Bill to require municipal, school trustee candidates to disclose legal issues passes second reading


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WINNIPEG — Manitoba lawmakers are pushing forward legislation to require municipal council and school trustee candidates to disclose criminal, drug and tax convictions.

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WINNIPEG — Manitoba lawmakers are pushing forward legislation to require municipal council and school trustee candidates to disclose criminal, drug and tax convictions.

On Tuesday, Bill 230 passed second reading. It amends the Municipal Councils and School Boards Elections Act to compel candidates running for local government or school trustee to release a statement detailing convictions and guilty pleas under the Criminal Code, the Controlled Drugs and Substances Act and the Income Tax Act.

The private member’s bill was first introduced by Progressive Conservative backbencher Len Isleifson, the MLA for Brandon East, last Thursday.

The private member's bill was first introduced by Brandon East Progressive Conservative MLA Len Isleifson last Thursday. (File)

Isleifson said many current members of the legislative assembly have served on municipal councils and school boards and recognize the importance of transparency when it comes to their history with the justice system. The bill is needed to “maintain the integrity of lawmakers,” he said.

“We take great pride in ensuring that the public that we come to represent in any of those cases know who we are, know what our past is, know our passion of why we’re here and what we bring to the table,” Isleifson said. “It’s vitally important on us to ensure that we are as transparent as possible to all those who put us into these trusted positions.”

Bill 230 includes exceptions for candidates who have convictions under the Youth Criminal Justice Act, the Young Offenders Act or if they were granted a pardon under the Criminal Code. Candidates who do not disclose convictions could fined up to $10,000 or face a year in jail.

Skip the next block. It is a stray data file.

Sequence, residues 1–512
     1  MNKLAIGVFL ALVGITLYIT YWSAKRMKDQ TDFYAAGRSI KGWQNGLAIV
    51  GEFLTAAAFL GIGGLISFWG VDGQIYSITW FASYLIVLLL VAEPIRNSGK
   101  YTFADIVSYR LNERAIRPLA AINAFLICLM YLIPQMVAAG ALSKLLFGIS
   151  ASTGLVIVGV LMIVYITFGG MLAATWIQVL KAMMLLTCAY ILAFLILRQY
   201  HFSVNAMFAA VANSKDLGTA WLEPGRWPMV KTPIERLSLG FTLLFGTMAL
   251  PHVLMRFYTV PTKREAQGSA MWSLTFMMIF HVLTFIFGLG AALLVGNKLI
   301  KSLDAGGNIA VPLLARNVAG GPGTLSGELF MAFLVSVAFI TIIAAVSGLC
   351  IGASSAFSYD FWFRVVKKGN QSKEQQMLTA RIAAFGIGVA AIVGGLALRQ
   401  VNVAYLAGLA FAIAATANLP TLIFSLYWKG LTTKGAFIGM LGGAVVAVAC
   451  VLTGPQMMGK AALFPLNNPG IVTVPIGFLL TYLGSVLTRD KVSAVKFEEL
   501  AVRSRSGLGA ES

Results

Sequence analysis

Disclosure statements would be posted on a website maintained by the local senior election official.

Bill 230 mirrors legislation passed in 2019 that requires candidates for the Manitoba Legislative Assembly to disclose prior convictions.

Under former premier Brian Pallister, the Tories passed a private member’s bill introduced by Fort Richmond MLA Sarah Guillemard mandating candidates to publicize past run-ins with the law. The information is now posted online by Elections Manitoba.

The Progressive Conservatives have used the conviction disclosures to take aim at opposition members in the past.

During a tense question period in November, Justice Minister Kelvin Goertzen responded to NDP allegations regarding Kirkfield Park byelection candidate Kevin Klein’s past employment for accused rapist Peter Nygard by tabling conviction disclosures from Opposition leader Wab Kinew, two NDP MLAs and former candidates.

Kinew has disclosed convictions under the Criminal Code from 2004, including two order breaches, failing to provide a breath sample and common assault. He received a full record suspension in 2016.

Isleifson argued Bill 230 would not prevent or discourage people from running for public office but would improve transparency during an election campaign.

“It’s better to have that knowledge up front,” he said.

Wolseley MLA Lisa Naylor said there are benefits associated with the transparency called for in Bill 230. However, the municipal relations critic said the bill could go further and include breaches related to elections financing or conflicts of interest.

“It’s ironic that the PC government should put forward this bill when the premier herself has continually failed to follow conflict of interest laws, election laws and financial rules,” Naylor said.

Earlier this month, a Court of King’s Bench judge ruled Premier Heather Stefanson violated the conflict of interest act by failing to promptly disclose the sale of some personal assets in 2016 and 2019. She did not face any penalties under the act.

The Tories must call Bill 230 to committee, where members of the public can offer their input on the legislation, and then call it for concurrence and third reading, before it can become law.

The legislative assembly breaks for the summer on June 1. Any bills that do not pass third reading by that time will die on the order paper, as a general election is scheduled on or before Oct. 3.

» Winnipeg Free Press

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